After breakfast in the village, we waited for the participants of our workshop. Yesterday they arrived an hour late, and to a greater extent, that was what happend today, too. Although the day before, some girls had come, today there were only boys. It’s a pity, since especially the girls – excruciatingly shy at times, even too embarrassed to participate in exercises – would have been good to reach.

That said, the boys came out of their shell in the workshop. We chose to teach acrobatics since we don’t really have the necessary time  to give them the theatre workshop they needed. The acrobatics gave them a new insight to their bodies, and we were doing pyramids and rolls by the time the course was over. They were all eager, good natured in their enthusiasm to learn.

We ate lunch overlooking the hills. The sun was warm, the view far into the distance. Occasionally an eagle soared over our heads while lambs and chicks wandered blissfully at our feet. Rice and lentils are eaten here two times every day, yet, surprisingly, despite four weeks of it, we aren’t tired of the mix. There are always slight variations; in the hills there are more potatoes, the spicy salads have a different taste. The nuances come out better when the variety is limited.

The meals are always served in metal plates, designed to be indestructible, and for us foreigners, the Nepalis manage to find some spoons. Most of the people we’ve met in Nepal, eat without utensils. Yubaraj will happily lick his fingers and say, „Food eaten with your hands just tastes better.“ Today he laughed and added, „Probably because of the dirt underneath your nails.“

We performed to around fifty people in the theatre here. It was the first show ever played there – the concept of theatre is still unknown here. Even in Kathmandu we met people who didn’t know the word „theatre“. Here, where life is almost from hand to mouth, they know it even less. So it was an honour to be the ones to introduce theatre via the clown. Despite a heavy silence at the start that Anita Fricker had to valiantly fight through (she comes on stage first), they were laughing. We really hope that they will have more shows here, and I think it will give them something else, allow them to see the world and each other differently.  Theatre has the power to bring people together, and I hope it will have that chance here.

We walked an hour to the next location, a small primary school down the hill within the terraces. Here there were only fifty people, and the show was very intimidate and beautiful because of that. The children were between four and nine years old, their dark faces hardened by the climate, their arms strong, the hands rough: I could feel the work they’ve done when I touched their skin. Life on the mountains is not always easy, despite the beauty of the landscape. The teachers here were very friendly and we could see that they were kind to the kids. They laughed and enjoyed themselves as much as their students.

We trecked back the way we came, uphill this time with parts of the stage and still in costume. Tika guided us expertly, although his natural environment is the plains. Yubaraj, ever the workaholic, took a bus back to Kathmandu to help direct the new show in Shilpee that has premier tomorrow. He’ll be up until well past midnight, no doubt – he worries for the show and for the new students whose first play it is – and in the morning, at six, he’ll drive to join us for our next trip. How he manages to do all the things he does and be in a good mood, is one of the small wonders of Nepal. When I look at him, jumping around in his yellow clown costume, I wonder if perhaps sleep is overrated?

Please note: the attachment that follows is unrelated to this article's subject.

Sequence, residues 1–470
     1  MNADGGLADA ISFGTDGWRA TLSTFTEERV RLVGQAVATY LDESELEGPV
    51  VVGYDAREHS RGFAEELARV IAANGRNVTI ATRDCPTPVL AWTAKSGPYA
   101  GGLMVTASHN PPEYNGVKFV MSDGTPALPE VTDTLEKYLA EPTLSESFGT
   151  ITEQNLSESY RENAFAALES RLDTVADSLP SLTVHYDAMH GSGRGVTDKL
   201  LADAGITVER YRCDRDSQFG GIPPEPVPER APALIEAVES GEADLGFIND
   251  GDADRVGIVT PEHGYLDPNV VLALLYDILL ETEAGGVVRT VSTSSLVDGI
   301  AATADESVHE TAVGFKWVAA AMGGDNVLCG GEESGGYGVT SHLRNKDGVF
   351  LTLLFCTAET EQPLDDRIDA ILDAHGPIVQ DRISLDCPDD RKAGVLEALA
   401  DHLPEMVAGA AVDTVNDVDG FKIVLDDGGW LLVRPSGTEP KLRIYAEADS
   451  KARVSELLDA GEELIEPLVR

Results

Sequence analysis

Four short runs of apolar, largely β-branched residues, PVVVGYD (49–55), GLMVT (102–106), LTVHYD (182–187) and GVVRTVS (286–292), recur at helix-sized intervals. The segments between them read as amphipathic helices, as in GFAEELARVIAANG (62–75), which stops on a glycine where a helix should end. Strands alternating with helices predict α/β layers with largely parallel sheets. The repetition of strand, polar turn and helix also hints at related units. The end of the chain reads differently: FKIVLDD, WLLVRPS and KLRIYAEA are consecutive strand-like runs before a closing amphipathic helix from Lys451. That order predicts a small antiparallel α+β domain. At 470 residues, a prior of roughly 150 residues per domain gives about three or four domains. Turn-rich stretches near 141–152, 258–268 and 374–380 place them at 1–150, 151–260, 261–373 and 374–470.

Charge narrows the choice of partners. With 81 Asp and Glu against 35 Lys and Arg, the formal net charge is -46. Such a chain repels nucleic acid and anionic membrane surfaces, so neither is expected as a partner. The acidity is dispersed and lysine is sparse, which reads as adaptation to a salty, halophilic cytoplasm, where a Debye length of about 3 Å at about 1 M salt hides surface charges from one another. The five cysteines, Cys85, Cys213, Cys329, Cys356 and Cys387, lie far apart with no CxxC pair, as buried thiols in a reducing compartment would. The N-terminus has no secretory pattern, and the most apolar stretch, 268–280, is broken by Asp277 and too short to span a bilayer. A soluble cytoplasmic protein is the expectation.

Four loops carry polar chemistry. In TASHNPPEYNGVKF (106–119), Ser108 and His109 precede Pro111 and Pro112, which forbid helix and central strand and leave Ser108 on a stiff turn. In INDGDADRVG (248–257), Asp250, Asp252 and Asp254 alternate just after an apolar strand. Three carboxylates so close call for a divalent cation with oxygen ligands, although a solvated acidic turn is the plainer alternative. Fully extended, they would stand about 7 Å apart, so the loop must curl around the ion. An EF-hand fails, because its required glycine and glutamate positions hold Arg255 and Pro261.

In the morning, Yubaraj arrived bright and a little tired, too. He’d had all of four hours sleep between the end of rehearsals at 2am and his 6am start. With him came our transportation, a four wheel drive that is the only kind of car that can survive these roads.

After deciding to take a short cut, we promptly got lost – there are no signs here, and neither maps not the internet will have all the tracks. Therefore, instead of playing where we intended, we simply got out at the first school we came across and asked if they’d like us to play. Fifteen minutes later we were performing in the middle of four hundred children in the Tapeswor High school! It was that easy. If we wanted, we could play here every day for the next five years and still not get all the schools and all the requests done.

No time for the tired and delayed, so despite an overwhelming hunger, we drove onwards – I say „drove“, but it felt more like a tiny horizontal battle, so extreme were the road conditions. We past through a landscape severely affected by the earthquake – we saw many a damaged or completely destroyed building along the way. When we finally arrived at the Dedithumka secondary school, our actual destination, we hid around the corner and stuffed ourselves with snacks underneath two massive pipal trees. Then the show began to four hundred and fifty children, after which we still spent a good twenty minutes mingling with the people of the school before – finally! – having lunch.

One a side note: we have tried to play mainly for public schools (we’ve only played two private schools so far), because the conditions are worse there than in the privately run ones. Going to these out-of-the-way institutions, really feels like giving the children something they haven’t had before.

The shows over, we raced back to Kathmandu to see the premier of the Shilpee show. They’d really improved the piece – no surprise with the amount of hard work they’ve put in during the last week! It was nice to see it working so well and the actors enjoying themselves.

And that was the day: long but fulfilling, as have been all days so far. If what we do can change things for the better, then I think we’re doing good work here!

And here’s a little video of the trip: